The Conversion Agenda

"Freedom to convert" is counterproductive as a generalized doctrine. It fails to come to terms with the complex interrelationships between self and society that make the concept of individual choice meaningful. Hence, religious conversion undermines, and in extremes would dissolve, that individual autonomy and human freedom.

Friday, November 04, 2005

An emerging trend in the Kerala Christian, Muslim historiography

Distorting to claim a mythical history
Dr. C.I. Issac

The religious minorities of Kerala, particularly Christians and Muslims, are proud of their historical past. However, these days they have started to feel a sense of insufficiency of their historical value. Since the days of Portuguese, stories regarding the first century of Common Era (CE) origin and aristocratic beginning began to circulate widely amongst the Kerala Christians. Later on this articulated tradition got deep rooted with the Christian faith. Scholars even from amongst the Christian community began challenging the historicity of the legend that claims the noble descent and first century origin of Indian (Kerala) Christianity. Those who supported the first century origin of Christianity mainly highlighted some mystifying stories related to certain saints and churches. The veracity of the stories associated with these monuments is doubtful. This is because the architectural style that was adopted in constructing these churches (structures) does not match the style that prevailed in that period.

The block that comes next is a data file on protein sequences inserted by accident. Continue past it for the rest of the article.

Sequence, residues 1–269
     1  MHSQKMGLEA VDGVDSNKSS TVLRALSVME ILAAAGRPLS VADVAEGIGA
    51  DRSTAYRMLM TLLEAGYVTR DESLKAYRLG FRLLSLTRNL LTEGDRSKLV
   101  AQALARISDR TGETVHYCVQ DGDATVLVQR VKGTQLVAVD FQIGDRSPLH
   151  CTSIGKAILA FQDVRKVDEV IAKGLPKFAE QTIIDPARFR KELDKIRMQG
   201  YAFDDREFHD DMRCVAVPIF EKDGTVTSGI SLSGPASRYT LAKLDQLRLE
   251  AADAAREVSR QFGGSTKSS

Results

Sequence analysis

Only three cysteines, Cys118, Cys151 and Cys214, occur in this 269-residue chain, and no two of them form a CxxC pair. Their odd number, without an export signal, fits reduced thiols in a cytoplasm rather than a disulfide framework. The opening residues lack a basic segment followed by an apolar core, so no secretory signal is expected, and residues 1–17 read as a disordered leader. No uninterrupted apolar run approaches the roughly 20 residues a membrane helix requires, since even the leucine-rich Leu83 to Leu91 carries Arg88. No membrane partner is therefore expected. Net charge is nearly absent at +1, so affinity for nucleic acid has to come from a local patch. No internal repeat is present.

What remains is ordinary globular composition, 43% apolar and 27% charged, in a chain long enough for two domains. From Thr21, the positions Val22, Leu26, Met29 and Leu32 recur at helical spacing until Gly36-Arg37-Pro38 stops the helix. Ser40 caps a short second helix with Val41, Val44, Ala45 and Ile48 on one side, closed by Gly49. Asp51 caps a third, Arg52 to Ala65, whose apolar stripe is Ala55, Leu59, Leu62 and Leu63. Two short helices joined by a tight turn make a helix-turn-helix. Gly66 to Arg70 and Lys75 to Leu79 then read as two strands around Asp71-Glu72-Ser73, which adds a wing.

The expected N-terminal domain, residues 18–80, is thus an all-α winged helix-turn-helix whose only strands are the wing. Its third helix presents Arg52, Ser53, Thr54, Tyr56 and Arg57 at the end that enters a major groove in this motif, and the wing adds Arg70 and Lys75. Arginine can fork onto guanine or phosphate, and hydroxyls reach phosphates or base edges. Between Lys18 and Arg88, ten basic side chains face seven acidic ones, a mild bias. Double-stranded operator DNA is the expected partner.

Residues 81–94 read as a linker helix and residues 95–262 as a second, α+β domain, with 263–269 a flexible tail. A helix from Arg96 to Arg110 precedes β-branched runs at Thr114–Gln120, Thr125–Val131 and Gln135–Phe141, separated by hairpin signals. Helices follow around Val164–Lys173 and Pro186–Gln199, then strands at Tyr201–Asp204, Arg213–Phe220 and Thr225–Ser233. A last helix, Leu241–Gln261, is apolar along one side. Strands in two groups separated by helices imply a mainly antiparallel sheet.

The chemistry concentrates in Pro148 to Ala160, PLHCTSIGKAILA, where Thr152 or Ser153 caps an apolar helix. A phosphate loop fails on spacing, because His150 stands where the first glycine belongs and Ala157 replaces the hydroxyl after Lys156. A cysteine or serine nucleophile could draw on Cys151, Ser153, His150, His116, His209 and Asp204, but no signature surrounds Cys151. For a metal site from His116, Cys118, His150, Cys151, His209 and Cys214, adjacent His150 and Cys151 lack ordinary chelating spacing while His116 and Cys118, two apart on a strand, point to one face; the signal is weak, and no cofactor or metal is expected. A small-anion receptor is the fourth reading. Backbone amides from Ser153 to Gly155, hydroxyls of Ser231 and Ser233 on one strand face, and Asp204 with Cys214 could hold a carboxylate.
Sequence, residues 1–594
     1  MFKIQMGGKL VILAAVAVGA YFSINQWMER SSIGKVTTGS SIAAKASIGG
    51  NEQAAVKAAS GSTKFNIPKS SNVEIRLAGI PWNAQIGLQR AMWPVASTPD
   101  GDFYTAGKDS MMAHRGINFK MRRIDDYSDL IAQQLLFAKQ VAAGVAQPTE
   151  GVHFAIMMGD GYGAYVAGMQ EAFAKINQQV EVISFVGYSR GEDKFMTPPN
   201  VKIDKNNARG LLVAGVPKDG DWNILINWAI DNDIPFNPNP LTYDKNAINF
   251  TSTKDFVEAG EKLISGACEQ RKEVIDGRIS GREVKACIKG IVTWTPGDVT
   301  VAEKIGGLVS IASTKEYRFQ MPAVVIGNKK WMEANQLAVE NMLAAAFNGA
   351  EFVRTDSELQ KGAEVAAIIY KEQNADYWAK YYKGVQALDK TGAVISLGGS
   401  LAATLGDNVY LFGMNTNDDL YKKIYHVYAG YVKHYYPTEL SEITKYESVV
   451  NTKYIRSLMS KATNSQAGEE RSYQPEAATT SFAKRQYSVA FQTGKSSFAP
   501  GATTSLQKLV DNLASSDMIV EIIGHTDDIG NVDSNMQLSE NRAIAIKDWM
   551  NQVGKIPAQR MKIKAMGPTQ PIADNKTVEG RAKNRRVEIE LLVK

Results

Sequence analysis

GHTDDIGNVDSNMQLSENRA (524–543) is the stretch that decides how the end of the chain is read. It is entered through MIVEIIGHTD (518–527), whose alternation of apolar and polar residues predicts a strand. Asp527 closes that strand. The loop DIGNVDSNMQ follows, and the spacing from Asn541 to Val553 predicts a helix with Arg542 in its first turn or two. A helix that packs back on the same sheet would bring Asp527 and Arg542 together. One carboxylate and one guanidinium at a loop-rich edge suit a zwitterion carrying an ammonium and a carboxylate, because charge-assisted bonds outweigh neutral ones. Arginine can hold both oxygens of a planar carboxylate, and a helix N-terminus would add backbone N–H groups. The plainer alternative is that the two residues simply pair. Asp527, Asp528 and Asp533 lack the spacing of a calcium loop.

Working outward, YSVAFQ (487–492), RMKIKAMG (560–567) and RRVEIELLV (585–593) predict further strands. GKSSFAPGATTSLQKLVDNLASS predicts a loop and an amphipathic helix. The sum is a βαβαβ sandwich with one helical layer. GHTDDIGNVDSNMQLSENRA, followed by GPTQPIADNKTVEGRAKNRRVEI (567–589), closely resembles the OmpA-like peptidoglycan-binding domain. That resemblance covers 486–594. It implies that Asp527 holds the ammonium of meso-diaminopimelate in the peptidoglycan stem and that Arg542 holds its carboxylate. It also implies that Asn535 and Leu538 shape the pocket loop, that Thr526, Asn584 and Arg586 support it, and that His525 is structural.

Similarly, the Muslims of Kerala were a peace loving national community until the days of the expeditions of Hyder Ali and Tippu Sultan. Thereafter, they were forced to transform themselves into fanatics. The seeds of fanaticism that were sowed by the Mysorian invaders were reaped in the bumper harvest during the days of the Mopla Riot of 1921 (Malabar Riot). The Muslim fanatics who were at the front of the Hindu massacre during the course of the Malabar Riot are now christened as freedom fighters and comrades, respectively, by the Right and Left coalitions of Kerala. This is the thumbnail portrait of the contemporary politico-social structure of the Muslim social formations of Kerala. But recently as a result of the GEB (Gulf Economic Boom), the Muslim community of Kerala also began to think of rewriting their history by incorporating the story of a rich and distant past. As the Christians of Kerala did they also coddled themselves in fabricating a so-called history of Islam in Kerala – a history of Hindu kings converting to Islam and attributed antique value to a few of their mosques.

In order to evade enquiries from the students of history, such monuments of religious importance are being demolished without preserving the relics of antique value and new and lofty structures are being contructed in their place with granite slabs (with inscriptions on them) claiming that at the site of the new building there was another one dating back to the days of the founder of their religion. Today the process of the demolition of churches and mosques is happening at an extensive and unprecedented rate. A set of would be secular historians with vested interest is supporting the Christian and Muslim historio-graphical exercise (distortions). All these necessitated an enquiry into the antique values of the Christian and Muslim places of worship that are subject to the demolition exercise and into the (religious hierarchical) social psychology behind their reconstruction.